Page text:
In act 20, the model is created. The model is created as discussed above, such as machine learning using a training data set. The model may be created using any type of functional data indicating spatial variation. Any number of patients may be included in the training data. The data is labeled as appropriate for the desired outcome. The machine-learning algorithm or algorithms are selected. Any now known or later developed algorithm and process for training may be used.

The training information corresponds to the information used for application of the model. Functional image information is obtained with any desired additional information, such as dose, clinical information, application information, or other data. One or more models are trained, such as determining probabilities for residual disease and determining dose or application probabilities. The models may be combined or maintained separately.

The created model or models are validated. A five-fold or other cross validation is performed on patient-data. Any validation may be used.

Once created, the model or models are incorporated onto a computer, such as into hardware, software, or both. The incorporation allows operating, with a processor, combined models or a single model for an individual patient. Values for the predictors of the models are obtained. The medical record, functional imaging data, and/or other source provides values for a specific or individual patient. The model is applied to the individual patient information.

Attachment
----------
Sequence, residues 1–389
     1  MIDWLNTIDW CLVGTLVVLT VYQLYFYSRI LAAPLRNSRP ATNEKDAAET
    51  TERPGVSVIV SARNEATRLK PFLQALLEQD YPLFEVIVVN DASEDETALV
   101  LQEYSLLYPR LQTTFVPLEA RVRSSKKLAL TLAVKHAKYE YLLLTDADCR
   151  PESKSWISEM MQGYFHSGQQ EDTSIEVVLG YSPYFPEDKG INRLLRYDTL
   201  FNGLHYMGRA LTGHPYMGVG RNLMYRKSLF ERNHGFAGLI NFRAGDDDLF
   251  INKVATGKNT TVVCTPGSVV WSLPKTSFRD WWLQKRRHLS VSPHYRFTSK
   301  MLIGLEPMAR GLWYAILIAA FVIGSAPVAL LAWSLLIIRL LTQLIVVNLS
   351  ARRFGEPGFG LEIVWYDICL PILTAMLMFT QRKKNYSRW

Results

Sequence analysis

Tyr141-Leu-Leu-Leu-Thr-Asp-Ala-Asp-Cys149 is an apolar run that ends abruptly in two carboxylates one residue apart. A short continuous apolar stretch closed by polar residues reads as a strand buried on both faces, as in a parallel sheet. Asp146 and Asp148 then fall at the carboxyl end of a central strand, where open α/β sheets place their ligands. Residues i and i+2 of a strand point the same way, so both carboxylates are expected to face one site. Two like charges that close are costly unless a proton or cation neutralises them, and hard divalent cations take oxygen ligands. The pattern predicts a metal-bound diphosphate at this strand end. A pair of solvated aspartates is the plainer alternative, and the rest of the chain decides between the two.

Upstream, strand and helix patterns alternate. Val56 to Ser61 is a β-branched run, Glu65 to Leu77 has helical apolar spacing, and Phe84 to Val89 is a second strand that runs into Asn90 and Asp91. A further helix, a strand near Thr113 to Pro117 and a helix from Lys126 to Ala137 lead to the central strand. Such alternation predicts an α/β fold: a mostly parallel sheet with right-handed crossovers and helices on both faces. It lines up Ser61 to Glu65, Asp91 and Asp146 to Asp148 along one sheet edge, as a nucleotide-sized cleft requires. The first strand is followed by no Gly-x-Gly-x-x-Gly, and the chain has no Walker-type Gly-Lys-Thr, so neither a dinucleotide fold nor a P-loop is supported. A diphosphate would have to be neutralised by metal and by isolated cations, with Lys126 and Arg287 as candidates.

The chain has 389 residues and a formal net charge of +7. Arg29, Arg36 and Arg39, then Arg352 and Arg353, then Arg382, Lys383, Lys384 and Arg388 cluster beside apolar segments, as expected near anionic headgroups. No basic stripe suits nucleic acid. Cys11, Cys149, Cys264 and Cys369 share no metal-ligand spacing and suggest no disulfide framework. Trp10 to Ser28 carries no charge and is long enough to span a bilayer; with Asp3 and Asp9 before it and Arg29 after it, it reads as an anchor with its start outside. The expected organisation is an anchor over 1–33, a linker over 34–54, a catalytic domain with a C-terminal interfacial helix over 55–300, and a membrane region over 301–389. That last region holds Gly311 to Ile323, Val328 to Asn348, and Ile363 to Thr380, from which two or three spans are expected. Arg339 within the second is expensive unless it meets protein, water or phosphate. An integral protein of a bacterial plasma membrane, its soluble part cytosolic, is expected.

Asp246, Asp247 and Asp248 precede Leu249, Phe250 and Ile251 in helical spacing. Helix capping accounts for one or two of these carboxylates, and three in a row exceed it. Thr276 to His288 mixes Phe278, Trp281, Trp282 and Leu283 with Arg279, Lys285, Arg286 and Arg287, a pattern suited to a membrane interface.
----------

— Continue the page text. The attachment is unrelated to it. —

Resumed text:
In act 22, functional imaging information is received. The information is obtained from a scanner. Alternatively, the information is obtained from memory, such as previously acquired data transferred from a PACS database.

The functional imaging information indicates spatial distribution of function of tissue. Any function may be identified, such as glucose uptake using FDG. Protein tags or other binding agents may be used to identify function. Contrast agents may be used. More than one type of function may be identified, such as using multi-spectrum approaches. In one embodiment, positron emission information showing variance of standardized uptake of different locations in a cancer region and/or a margin of normal tissue is obtained. The standardized uptake may be of fluorine-18 deoxyglucose or other agent. In other embodiments, image processing without agents or tags identifies function of the tissue.